VERSION = 11
PATCHLEVEL = 1

It is not an actual physical disk but new disk space assigned from an esx server datastore.

Could we use the below command or use the command from above link on PROD server.

echo "- - -" >/sys/class/scsi host/host0/scan

just confirming as we do not want any downtime.

Thanks and Regards,
agarud

If you go into yast -> partitioner doesn't the disk show up there?

Thomas

agarud
01-Jul-2015, 09:27
Nope....It does not show up there in partitioner.

Thanks and Regards,
agarud

jmozdzen
01-Jul-2015, 09:50
Hi agarud,

HI Jens,
[...]It is not an actual physical disk but new disk space assigned from an esx server datastore.

Could we use the below command or use the command from above link on PROD server.

echo "- - -" >/sys/class/scsi host/host0/scan

just confirming as we do not want any downtime.

assuming that "host0" is the actual SCSI host used for the datastore connection, it's definitely worth a try.

Does SLES11SP1 have the "rescan-scsi-bus.sh" command? It's part of the sg3_utils RPM.

Best regards,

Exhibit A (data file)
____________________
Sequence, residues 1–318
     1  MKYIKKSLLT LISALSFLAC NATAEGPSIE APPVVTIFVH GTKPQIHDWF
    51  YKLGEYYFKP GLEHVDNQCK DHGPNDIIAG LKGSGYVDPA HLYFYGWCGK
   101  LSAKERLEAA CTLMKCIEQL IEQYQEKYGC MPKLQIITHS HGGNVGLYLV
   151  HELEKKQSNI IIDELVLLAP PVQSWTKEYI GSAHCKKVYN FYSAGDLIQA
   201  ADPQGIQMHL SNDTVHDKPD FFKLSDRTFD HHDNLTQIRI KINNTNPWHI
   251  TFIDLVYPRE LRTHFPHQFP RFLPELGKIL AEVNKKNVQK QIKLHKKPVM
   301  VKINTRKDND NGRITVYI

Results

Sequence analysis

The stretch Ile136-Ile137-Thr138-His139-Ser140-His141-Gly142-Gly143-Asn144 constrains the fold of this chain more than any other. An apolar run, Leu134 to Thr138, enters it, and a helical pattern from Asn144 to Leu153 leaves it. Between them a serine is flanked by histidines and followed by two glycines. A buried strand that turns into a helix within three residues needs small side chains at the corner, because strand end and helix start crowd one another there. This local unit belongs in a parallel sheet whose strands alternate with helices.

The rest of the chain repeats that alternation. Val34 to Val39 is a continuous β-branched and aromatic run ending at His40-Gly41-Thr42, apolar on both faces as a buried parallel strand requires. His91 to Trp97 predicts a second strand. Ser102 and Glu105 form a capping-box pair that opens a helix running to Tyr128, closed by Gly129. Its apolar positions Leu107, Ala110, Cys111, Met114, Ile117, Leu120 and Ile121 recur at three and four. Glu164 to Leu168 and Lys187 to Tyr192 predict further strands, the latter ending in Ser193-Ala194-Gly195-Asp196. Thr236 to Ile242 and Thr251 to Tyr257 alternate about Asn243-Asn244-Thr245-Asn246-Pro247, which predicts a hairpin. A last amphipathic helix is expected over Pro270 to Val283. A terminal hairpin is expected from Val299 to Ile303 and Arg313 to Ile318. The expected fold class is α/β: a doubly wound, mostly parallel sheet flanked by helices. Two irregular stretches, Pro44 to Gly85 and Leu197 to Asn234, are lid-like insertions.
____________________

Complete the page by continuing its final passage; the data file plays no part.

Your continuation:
Jens

agarud
01-Jul-2015, 11:35
Hi agarud,


assuming that "host0" is the actual SCSI host used for the datastore connection, it's definitely worth a try.

Does SLES11SP1 have the "rescan-scsi-bus.sh" command? It's part of the sg3_utils RPM.

Best regards,
Jens

Yes, it does have that command but the problem is still we do not know the host or devices. It does have a force rescan option with the command.

echo "- - -" >/sys/class/scsi host/host0/scan
host 0 is just an example. We have more than couple of hosts. Is it okay to scan all the hosts.?


Thanks and Regards,
agarud

jmozdzen
01-Jul-2015, 11:52
Hi agarud,


Yes, it does have that command but the problem is still we do not know the host or devices. It does have a force rescan option with the command.

rescan-scsi-bus.sh, at least in current SLES versions, will scan all SCSI busses for new devices.

Are you using FiberChannel connections? Then a LIP reset might be required to detect LUN changes - see "-i" option of rescan-scsi-bus.sh


echo "- - -" >/sys/class/scsi host/host0/scan
host 0 is just an example. We have more than couple of hosts. Is it okay to scan all the hosts.?

I did so, on production machines, without noticing negative impact. But of course, YMMV ;) And on more than one occasion, the "echo - - -" didn't help me, but a LIP reset resolved the issue.